9. 3 Perspectives (Bellamy 2006) • Liberals: citizenship as set of rights • Communitarians: citizenship as belonging to a particular community • Republicans: citizenship as participation – need for social capital and avenues of participation • Cosmopolitan citizenship (Dellanty) which takes into account national differences within a universalistic framework.

  10. EU citizenship • EEC (European Economic Community) 1957 Treaty of Rome • Single Europe Act 1986 European Political community came into being (European Community) • 1992 Treaty of Union (Maastricht Treaty) Established freedom of movement for workers. Social policy started to come into being (European Union) • 1997 Treaty of Amsterdam consolidated EU and EC. Rights of citizens included, European Parliament strengthened, common policy on immigration (for some countries) and on foreign policy and security • 2000 Charter of Fundamental Rights • 2001 Treaty of Nice. Citizenship rights consolidated comprising: dignity,freedom, equality, solidarity, justice European Court of Justice becoming more and more important as rights established on a case-by-case basis (e.g. rights of non-workers) Rights of EU citizen mainly those of nation state in reciprocal agreements, but these have been gradually enlarged.

  11. Your rights as an EU citizen “Citizenship of the Union shall complement and not replace national citizenship” (Article 17 Maastricht) • Right to residence and free movement • Right to vote or stand in local and European elections (not national ones) • Right to diplomatic and consular protection in a third country • Right to petition European parliament, right to Ombudsman and EU institutions in your own language.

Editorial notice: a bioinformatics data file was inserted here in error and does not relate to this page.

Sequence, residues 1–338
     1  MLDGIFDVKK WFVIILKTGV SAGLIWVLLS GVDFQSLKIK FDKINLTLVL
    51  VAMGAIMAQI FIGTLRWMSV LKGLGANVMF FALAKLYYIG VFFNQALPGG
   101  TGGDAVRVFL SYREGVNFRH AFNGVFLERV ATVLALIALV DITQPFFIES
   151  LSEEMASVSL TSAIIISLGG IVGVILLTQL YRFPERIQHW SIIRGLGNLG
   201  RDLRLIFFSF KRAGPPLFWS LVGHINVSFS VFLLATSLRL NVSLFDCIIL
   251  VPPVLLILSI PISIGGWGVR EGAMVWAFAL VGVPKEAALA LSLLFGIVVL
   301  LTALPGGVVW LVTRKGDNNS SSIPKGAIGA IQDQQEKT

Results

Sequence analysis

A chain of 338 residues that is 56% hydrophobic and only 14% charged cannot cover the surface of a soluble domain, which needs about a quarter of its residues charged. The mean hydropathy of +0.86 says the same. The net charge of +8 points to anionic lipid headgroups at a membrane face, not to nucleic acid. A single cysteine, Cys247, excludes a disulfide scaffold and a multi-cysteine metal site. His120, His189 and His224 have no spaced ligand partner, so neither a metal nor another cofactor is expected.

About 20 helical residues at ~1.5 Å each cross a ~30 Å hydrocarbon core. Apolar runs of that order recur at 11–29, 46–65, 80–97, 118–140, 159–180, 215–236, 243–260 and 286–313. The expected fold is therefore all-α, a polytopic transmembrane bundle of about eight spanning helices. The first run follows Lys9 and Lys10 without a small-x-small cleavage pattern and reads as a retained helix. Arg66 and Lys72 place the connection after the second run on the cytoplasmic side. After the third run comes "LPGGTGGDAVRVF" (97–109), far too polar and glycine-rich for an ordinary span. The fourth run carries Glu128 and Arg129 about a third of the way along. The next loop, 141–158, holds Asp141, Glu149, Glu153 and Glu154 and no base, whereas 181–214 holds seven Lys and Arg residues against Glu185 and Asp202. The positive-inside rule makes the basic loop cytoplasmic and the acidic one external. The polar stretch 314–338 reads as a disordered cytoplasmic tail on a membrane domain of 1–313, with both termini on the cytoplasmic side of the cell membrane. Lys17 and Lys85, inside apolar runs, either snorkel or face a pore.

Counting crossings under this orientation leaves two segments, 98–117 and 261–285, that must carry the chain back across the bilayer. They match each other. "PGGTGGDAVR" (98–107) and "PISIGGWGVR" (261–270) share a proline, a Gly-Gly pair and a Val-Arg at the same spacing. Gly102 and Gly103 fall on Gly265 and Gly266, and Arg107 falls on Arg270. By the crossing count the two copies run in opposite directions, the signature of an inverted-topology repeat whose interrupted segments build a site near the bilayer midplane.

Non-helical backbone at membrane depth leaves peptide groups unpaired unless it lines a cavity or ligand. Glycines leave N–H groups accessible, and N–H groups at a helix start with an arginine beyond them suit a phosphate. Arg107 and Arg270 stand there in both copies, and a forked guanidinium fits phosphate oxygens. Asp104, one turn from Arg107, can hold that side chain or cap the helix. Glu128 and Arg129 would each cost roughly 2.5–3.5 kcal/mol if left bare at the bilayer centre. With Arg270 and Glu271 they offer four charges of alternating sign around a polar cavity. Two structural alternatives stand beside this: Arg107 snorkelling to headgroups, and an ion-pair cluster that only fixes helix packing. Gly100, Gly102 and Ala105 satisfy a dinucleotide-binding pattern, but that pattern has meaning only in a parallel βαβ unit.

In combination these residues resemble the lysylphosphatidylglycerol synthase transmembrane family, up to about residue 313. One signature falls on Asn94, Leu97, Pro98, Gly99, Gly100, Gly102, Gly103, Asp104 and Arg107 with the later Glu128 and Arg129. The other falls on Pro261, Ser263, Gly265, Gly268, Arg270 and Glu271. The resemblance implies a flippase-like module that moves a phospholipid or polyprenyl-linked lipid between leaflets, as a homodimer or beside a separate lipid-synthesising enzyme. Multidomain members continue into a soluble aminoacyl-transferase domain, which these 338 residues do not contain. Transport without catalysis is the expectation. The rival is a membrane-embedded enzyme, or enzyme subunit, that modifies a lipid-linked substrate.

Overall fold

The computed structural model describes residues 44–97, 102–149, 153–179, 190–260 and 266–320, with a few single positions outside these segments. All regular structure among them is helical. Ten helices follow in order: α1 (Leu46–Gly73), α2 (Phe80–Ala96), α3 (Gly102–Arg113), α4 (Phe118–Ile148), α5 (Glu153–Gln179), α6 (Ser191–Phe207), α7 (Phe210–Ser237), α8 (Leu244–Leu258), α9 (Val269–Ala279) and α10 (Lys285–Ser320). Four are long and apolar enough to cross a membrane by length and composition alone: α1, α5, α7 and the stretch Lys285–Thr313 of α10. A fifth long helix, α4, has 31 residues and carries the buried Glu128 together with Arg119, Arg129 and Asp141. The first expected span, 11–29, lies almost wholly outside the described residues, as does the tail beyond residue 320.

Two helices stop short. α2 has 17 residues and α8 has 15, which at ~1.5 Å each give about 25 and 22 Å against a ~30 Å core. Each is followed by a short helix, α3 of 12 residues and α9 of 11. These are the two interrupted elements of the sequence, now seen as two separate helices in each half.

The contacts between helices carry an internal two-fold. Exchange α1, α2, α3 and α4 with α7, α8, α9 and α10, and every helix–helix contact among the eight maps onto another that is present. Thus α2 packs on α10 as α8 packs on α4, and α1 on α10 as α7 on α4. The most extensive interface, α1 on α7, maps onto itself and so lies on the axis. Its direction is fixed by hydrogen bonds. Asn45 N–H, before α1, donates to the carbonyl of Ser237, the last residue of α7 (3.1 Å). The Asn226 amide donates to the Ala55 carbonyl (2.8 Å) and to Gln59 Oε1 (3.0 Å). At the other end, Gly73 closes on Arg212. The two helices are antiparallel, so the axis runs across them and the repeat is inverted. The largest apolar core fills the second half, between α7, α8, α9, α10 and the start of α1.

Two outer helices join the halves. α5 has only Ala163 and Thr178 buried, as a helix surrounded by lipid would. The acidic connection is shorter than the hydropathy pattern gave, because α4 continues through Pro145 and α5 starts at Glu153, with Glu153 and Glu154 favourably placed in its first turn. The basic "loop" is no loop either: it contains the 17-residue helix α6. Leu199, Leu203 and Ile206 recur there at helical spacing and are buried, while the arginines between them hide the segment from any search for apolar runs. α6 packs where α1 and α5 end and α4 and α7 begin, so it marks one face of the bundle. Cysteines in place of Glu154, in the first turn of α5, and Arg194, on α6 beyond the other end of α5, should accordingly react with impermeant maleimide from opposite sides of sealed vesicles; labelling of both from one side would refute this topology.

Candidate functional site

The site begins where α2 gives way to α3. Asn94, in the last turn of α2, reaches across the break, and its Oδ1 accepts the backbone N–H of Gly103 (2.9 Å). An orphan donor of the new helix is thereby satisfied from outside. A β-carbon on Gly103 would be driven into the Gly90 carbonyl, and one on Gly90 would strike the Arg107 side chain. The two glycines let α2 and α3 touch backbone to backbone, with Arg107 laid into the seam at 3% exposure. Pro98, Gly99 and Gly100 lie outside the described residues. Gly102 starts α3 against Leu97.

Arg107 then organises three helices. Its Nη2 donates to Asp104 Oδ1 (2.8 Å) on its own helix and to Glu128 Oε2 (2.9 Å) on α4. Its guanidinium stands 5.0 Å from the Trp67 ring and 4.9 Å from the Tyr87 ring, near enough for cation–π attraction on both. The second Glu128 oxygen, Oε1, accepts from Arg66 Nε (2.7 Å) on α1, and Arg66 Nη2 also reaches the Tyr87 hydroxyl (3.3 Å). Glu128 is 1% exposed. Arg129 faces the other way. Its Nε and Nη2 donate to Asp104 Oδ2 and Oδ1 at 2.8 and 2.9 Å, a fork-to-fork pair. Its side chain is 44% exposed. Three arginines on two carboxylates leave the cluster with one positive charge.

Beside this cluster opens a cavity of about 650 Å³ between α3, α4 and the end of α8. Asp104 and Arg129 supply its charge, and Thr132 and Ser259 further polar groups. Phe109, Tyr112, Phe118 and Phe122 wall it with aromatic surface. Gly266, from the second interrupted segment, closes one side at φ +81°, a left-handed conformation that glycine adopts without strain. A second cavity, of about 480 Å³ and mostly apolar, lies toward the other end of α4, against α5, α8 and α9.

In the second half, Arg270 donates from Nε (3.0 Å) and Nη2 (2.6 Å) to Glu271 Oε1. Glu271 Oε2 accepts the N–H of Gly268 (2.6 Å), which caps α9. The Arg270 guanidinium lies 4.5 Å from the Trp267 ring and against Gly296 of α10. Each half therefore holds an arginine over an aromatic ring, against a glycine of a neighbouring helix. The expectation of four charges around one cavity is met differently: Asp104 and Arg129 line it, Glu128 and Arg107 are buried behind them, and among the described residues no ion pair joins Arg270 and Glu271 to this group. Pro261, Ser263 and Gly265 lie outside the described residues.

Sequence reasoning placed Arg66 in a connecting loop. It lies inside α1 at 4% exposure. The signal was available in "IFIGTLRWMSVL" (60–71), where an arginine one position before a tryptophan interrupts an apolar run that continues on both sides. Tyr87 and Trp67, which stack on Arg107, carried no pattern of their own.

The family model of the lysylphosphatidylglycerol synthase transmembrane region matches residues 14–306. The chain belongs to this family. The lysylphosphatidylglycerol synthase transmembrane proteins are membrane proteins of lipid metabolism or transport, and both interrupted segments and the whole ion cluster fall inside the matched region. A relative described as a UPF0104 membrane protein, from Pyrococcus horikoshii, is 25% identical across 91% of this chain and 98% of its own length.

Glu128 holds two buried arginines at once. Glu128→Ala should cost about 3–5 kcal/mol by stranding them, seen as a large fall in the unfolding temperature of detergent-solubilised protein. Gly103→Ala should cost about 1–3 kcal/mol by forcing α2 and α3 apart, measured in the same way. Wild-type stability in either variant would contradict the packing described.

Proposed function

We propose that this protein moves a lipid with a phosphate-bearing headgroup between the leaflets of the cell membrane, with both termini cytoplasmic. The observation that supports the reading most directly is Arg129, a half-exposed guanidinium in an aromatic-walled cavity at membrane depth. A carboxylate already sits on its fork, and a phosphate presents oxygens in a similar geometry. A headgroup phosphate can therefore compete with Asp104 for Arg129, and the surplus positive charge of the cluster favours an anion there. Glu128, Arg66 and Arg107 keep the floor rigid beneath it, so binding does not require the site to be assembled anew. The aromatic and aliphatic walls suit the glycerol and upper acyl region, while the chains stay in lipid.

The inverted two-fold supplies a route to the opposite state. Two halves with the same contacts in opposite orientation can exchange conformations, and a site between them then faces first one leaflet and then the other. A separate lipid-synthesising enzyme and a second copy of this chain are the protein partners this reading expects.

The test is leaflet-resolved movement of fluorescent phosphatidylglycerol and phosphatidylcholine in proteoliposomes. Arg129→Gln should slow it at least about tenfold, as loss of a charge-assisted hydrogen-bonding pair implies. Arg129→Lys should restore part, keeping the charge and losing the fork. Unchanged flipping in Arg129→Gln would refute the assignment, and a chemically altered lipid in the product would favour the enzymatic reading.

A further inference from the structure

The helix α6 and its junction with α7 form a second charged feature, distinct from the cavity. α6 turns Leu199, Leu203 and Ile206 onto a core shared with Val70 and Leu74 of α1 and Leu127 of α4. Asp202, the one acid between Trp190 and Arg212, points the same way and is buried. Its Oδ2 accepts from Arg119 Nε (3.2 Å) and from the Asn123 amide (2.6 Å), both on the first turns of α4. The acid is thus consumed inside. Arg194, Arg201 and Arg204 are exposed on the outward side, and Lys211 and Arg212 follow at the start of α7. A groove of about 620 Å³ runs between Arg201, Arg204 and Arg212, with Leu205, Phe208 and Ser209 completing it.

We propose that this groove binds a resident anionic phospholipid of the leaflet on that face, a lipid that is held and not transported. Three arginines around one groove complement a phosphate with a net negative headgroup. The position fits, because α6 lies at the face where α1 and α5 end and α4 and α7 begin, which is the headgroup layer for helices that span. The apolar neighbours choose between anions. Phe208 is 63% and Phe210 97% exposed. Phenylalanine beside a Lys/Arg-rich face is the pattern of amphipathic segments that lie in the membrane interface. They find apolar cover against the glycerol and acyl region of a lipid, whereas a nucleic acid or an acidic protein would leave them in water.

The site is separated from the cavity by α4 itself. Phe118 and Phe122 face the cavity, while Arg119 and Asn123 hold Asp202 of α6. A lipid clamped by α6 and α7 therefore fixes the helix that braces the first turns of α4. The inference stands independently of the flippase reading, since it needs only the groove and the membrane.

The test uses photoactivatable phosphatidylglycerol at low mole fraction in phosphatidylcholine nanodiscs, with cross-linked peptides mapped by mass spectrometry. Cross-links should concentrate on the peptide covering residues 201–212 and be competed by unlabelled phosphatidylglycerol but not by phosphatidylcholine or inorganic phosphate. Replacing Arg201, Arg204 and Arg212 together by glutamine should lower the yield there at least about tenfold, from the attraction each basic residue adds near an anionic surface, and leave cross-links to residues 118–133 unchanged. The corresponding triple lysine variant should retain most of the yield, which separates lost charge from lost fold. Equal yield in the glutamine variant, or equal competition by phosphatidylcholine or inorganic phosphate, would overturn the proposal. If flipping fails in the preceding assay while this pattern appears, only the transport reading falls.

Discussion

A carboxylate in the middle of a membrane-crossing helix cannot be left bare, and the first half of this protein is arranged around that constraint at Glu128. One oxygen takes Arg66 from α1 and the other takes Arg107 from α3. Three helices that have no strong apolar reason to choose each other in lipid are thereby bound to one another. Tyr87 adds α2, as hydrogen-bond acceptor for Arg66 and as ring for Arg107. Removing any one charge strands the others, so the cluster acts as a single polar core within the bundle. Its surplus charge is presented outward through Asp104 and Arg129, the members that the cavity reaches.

12. Case study: youth • Young people have different rights to adults – but messy transition between youth and adulthood (sexual rights, voting, economic rights, property, smoking, drinking, driving car, joining army etc.) • Different rights in different countries and even within different countries • Attempt to create rights for youth in EU (under Open Method of Co-ordination) EU White Paper in 2001. Based on participation.

  13. Ambiguous rights of youth • Age of majority: 18 most countries, 16 Scotland • Age of vote: 18 most countries (since 1971 in UK) • Age of marriage: most countries 18 without parental consent, 16 with parental consent, 14 Russia. 16 Scotland • Age of consent: Scotland 16, NI 17, France 15, Lithuania and Hungary 14, Finland 16 • Homosexual age of consent: 18 England, 18 Romania, 15 France • Age of criminal responsibility: USA 7, UK and Ukraine 10, Poland 13, Italy and Germany 14, Finland 15, France 13 • Alcohol mostly 18, but in some countries 18 for hard alcohol, 16 for other alcohol, Nordic countries 20 for purchasing alcohol, USA 21 • Years of school and University

  14. 3 important European challenges • 1. Creation of a shared set of rights and duties • 2. Creation of the same system of acquiring citizenship all over Europe • 3. Creation of a European people with a shared set of values